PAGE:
Monday, March 24, 2014

Battering Ram

Sometimes people have to be the battering ram. It's usually us, right? Our colleagues typically aren't up for the challenge. That's okay, I guess. Human Resources can handle it. Or at least we're supposed to. It's as if we operate differently than the other "more caring and sensitive" leaders out there.

Seriously? Since when did human resources leaders stop having feelings? It would be more accurate to say that human resources leaders are the ones that actually have the courage and skills to be the battering ram. The others are simply too soft to handle it (read here --> can't get respect from their teams because they won't address the tough employee issues.)

Too harsh? Maybe.

Crazy thought? No way. 

Ramming Speed

There is a certain intensity that takes over during times of confrontation. Regardless of the planning, documentation, scripting, and walk-throughs, one can never completely be ready for the moment.

Why? Because there is another human being involved who isn't going to follow "your" script, or appreciate your point of view (which is typically why they are in this mess to begin with.)

Few leaders are comfortable heading into that storm. It is much easier to have "HR do the talking" during those moments, right? 

We can handle the's one of our strengths. 

Ram Tough

Once the wild ride of the moment is over, and "thank you, I could never do your job" has been proclaimed as if it affords the leader a  get-out-of-jail-free card to actually lead, it is time to do what?

What happens for the HR professional who just butted heads over and over again all in the name of doing the right thing, and making sure it was done well?

Nothing, usually. We're typically checking our iPhone to see what meeting is next. I don't think that is what should happen though.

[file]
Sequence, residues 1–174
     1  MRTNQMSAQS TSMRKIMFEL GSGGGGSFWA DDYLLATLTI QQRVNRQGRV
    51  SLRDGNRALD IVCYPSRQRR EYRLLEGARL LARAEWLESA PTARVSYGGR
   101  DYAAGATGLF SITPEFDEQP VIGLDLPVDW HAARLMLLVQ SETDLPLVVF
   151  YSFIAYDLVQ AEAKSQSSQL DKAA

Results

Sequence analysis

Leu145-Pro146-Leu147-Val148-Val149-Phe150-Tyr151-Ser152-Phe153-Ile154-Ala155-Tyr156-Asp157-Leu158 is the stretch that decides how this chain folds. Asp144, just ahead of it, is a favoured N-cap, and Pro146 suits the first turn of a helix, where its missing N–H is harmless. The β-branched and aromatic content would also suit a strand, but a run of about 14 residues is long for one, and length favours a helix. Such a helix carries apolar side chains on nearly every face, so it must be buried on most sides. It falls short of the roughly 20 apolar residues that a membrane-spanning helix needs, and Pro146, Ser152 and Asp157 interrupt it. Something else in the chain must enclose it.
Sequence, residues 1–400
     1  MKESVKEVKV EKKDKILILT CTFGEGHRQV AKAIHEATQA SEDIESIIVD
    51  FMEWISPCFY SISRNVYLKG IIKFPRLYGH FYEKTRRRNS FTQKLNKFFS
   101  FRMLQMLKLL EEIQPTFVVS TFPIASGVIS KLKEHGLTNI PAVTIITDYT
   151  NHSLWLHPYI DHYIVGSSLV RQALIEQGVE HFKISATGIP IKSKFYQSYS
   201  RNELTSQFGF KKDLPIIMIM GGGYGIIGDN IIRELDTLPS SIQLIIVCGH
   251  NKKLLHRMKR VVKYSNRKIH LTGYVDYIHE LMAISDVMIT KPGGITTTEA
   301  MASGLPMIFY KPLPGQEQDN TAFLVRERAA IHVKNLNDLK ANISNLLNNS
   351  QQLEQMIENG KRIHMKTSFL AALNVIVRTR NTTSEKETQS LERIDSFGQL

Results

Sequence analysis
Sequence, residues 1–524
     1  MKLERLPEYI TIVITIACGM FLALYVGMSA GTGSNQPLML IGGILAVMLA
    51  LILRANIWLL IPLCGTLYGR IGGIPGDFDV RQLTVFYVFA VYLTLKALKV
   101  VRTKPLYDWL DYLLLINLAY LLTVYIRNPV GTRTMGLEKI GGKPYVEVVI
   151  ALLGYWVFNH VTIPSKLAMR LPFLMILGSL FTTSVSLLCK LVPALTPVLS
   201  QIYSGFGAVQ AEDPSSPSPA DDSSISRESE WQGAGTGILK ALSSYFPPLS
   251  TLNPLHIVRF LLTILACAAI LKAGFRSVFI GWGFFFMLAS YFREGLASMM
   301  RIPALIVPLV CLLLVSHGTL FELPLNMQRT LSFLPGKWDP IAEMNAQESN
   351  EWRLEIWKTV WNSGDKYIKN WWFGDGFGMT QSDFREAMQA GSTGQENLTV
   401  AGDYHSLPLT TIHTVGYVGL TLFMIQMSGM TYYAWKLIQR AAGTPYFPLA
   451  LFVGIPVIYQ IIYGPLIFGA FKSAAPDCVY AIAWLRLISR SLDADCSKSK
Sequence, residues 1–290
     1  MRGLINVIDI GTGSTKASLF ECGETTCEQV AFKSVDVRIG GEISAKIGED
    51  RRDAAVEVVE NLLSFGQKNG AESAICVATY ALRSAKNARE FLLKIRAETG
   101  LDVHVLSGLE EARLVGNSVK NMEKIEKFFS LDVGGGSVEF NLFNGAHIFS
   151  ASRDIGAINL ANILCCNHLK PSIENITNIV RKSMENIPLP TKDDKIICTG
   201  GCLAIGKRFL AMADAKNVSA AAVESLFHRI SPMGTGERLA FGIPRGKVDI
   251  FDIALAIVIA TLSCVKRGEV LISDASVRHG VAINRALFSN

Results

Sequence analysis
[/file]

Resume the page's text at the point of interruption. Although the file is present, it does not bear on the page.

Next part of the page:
How About You

How do you process after you've played the role of battering ram? Is it "no big deal" or is it something much more intense that you need to spend a few minutes working through? Usually we don't have others in our organizations who play our exact role to reach out to and debrief. So if you need to, reach out to me...I'll help.

I'd love to hear from you.

No Excuses.


Tuesday, March 18, 2014

When A Team Jells

It's an interesting phenomenon...teams coming together...getting traction...thinking bigger than they did previously. I'm part of a team of human resources executives that are jelling right now. We've worked together for the last couple of years, although we're separated by more than five states. Sometimes distance without a commitment to new forms of communication make it difficult to stay connected in today's world.

But we're jelling now...and it's good. 

Hello...My Name Is

We didn't start out this way. We've been adding members to our team as new organizations are acquired and become part of the larger enterprise. Team dynamics are funny sometimes. Every one's intentions have been positive, but there is no substitute for time, building trust, and shifting the focus from transactional to strategic thinking.

You can't rush progress...but you sure can nurture it along. 

Take the Lead vs. Take the Assignment

There was a time when we all took assignments as part of our evolving group. We each felt the obligatory guilty tug to take a piece of the whole and do our fair share. Or at least it seemed that way to me.